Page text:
“DBT was initially developed for patients with borderline personality disorder (BPD). It targets the regulation of difficult emotions, distress tolerance, and interpersonal issues. DBT also helps patients with complex trauma since they struggle with similar symptoms.”

Talkspace therapist Bisma Anwar, MA, MSc, LMHC

How Does DBT Therapy Help with Trauma?

DBT for trauma focuses on helping you manage your emotions in a healthy way. You’ll also learn how to nurture and navigate relationships that might be suffering from the aftermath of the trauma you experienced. 

DBT trauma treatment can help if you have self-destructive behaviors that interfere with your ability to function. There are specific, effective techniques DBT uses that directly target the symptoms of PTSD and extreme trauma.


One of the most effective and positive DBT outcomes is the technique that teaches mindfulness. Practicing mindfulness means learning to be present and focused on your here and now. It’s a useful tool that can be implemented across all areas of life. In times of stress, anxiety, or any other symptoms of PTSD, focusing on your breathing and learning how to remain grounded in present reality can be both powerful and effective.

A hugely beneficial aspect of mindfulness is the fact that as you become better at it, you’ll find you’re able to start applying it before you begin to spin out of control. You’ll start to recognize behaviors and thought processes that are inducing stress and preventing you from healing from the trauma you experienced. Essentially, you’ll become better at stopping these patterns in their tracks.

Emotion regulation

Emotion regulation is exactly what it sounds like. It’s the ability to manage, accept, or change — thus, regulate — unhealthy or destructive emotions, so they don’t control you. When your emotions are out of control, it can be difficult to keep your mind stable. 

DBT teaches you how to regulate unwanted emotions so you can stop them before they take hold. You’ll also learn how to regulate, or change when needed, emotions that have already started, so you can prevent them from becoming overwhelming.

Distress tolerance

Distress tolerance is the ability to handle emotions and thoughts that once seemed too painful or daunting to face. It can also help you learn to identify and avoid certain behaviors you engage in that can exacerbate situations.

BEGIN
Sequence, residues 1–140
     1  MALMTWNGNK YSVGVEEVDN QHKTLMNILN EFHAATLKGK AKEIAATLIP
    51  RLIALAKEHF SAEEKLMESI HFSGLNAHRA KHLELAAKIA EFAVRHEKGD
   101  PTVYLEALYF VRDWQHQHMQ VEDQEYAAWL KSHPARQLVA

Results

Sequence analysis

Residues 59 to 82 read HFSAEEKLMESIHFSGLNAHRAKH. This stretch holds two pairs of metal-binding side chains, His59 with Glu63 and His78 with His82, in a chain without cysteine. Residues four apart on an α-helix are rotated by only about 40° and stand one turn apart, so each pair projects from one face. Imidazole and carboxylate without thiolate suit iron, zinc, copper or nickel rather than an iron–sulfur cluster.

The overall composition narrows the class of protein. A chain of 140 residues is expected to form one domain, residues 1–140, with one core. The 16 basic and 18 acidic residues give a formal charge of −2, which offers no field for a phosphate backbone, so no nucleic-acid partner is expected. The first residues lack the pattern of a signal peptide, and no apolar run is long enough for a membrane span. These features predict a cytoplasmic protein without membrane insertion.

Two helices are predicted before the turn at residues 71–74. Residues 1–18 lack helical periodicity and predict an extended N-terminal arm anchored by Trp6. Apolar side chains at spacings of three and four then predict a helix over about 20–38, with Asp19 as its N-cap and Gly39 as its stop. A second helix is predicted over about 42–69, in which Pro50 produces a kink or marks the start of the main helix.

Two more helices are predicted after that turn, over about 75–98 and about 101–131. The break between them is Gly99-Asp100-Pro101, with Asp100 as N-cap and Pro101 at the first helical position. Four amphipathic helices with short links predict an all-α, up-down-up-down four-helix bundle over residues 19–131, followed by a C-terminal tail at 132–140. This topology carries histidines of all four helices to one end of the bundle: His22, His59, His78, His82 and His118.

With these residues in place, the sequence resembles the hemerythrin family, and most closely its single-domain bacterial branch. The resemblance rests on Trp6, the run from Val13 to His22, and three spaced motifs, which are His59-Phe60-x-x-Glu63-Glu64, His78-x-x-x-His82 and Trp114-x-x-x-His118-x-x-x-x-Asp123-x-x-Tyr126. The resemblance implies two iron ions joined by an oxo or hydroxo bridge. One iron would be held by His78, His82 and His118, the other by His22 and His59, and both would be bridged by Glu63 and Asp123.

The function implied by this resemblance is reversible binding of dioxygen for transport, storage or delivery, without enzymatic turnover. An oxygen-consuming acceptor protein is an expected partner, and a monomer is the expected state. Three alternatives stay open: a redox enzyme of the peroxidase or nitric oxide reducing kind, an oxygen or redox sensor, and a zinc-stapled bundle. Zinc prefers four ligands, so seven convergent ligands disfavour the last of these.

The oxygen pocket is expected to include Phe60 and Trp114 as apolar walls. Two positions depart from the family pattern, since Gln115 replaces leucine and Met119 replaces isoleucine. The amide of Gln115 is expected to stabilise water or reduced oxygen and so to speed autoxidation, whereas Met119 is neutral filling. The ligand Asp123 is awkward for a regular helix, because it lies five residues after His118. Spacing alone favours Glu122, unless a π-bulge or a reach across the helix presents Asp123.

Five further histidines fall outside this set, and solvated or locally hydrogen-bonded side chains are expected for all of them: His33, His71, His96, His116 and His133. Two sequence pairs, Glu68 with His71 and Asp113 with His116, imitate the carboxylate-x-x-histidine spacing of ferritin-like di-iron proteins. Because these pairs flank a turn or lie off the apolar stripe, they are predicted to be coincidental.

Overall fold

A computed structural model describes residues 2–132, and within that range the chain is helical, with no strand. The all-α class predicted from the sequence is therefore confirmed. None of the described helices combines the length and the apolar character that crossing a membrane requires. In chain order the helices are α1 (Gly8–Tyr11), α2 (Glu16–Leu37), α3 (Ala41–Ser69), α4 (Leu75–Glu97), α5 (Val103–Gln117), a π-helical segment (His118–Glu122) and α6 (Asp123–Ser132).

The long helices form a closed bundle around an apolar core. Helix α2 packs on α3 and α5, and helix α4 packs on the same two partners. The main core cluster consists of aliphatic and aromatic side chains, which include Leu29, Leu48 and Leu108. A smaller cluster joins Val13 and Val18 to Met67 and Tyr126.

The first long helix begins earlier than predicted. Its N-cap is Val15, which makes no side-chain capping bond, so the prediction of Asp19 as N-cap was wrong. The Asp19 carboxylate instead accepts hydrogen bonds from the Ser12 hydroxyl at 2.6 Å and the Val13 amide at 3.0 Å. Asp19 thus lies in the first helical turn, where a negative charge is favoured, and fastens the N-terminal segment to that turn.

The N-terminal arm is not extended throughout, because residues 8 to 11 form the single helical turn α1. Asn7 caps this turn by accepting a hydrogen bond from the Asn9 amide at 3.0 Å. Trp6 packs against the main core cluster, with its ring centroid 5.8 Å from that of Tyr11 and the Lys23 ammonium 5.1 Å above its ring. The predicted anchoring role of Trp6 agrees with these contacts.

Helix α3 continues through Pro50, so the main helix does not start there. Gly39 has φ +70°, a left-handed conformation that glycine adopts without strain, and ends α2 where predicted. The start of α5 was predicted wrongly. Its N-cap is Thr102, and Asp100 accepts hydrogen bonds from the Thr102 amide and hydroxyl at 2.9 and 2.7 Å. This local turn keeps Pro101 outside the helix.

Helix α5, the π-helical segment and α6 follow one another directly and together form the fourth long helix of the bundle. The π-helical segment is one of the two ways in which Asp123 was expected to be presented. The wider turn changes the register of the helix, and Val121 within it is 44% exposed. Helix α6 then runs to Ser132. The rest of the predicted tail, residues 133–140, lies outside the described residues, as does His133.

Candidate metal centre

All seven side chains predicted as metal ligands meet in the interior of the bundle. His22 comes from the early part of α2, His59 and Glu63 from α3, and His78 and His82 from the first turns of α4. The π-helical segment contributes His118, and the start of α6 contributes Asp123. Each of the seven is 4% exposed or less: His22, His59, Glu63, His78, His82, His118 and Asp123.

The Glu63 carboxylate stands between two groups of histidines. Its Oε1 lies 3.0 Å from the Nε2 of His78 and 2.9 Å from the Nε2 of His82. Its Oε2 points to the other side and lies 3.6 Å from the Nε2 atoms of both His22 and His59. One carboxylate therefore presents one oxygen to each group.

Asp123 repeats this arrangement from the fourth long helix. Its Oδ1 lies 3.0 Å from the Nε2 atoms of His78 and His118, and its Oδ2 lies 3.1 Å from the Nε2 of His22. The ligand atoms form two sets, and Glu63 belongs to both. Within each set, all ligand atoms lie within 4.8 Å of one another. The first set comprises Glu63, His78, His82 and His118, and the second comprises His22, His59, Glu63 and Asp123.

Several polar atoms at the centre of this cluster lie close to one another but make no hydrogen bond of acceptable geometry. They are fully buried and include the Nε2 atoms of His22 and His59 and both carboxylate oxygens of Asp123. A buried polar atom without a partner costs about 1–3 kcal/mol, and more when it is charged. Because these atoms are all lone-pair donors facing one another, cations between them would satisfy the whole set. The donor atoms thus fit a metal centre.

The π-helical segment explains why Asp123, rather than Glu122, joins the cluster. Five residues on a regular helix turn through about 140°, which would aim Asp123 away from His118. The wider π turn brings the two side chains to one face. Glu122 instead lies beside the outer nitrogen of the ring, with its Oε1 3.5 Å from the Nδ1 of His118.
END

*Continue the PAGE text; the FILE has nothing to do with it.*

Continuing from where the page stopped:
People who live with PTSD often have intrusive thoughts they find difficult to control. The practice of distress tolerance can help you develop skills so you can bettermanage those stressful thought patterns. These tools can be anything from self-soothing meditation, to breathing techniques that activate the parasympathetic nervous system to calm you down, to several other strategies.

Interpersonal effectiveness

Your ability to communicate with the people in your life in a healthy way, that sets boundaries, allows you to establish self-respect. This, in turn, can help you feel effective and connected in your relationships. Interpersonal effectiveness, which is focused on during DBT sessions, can be useful here.

PTSD makes trust hard. It can make interactions and relationships difficult to navigate. If you find this to be true, DBT can help you learn how to build and maintain healthy relationships you might be struggling with. You’ll practice asking for what you need, setting boundaries, maintaining a sense of self-respect, and working on conflict resolution tactics so you can keep things from boiling over or getting out of control.

Finding Therapy for PTSD or Trauma

PTSD can be a difficult condition to manage on your own. The good news is: you don’t have to. Effective forms of therapy, like dialectical behavioral therapy, can help you heal from your past trauma so you can live the healthiest, most productive, most rewarding life possible, without past trauma haunting you.

DBT skills for PTSD can teach you how to overcome what you might think is impossible. Finding a therapist who’s skilled and trained in DBT techniques is your first step. Aside from PTSD, you can also find a therapist for DBT for borderline personality disorder. Talkspace offers online therapy in an affordable and convenient way that makes getting the help you need more accessible.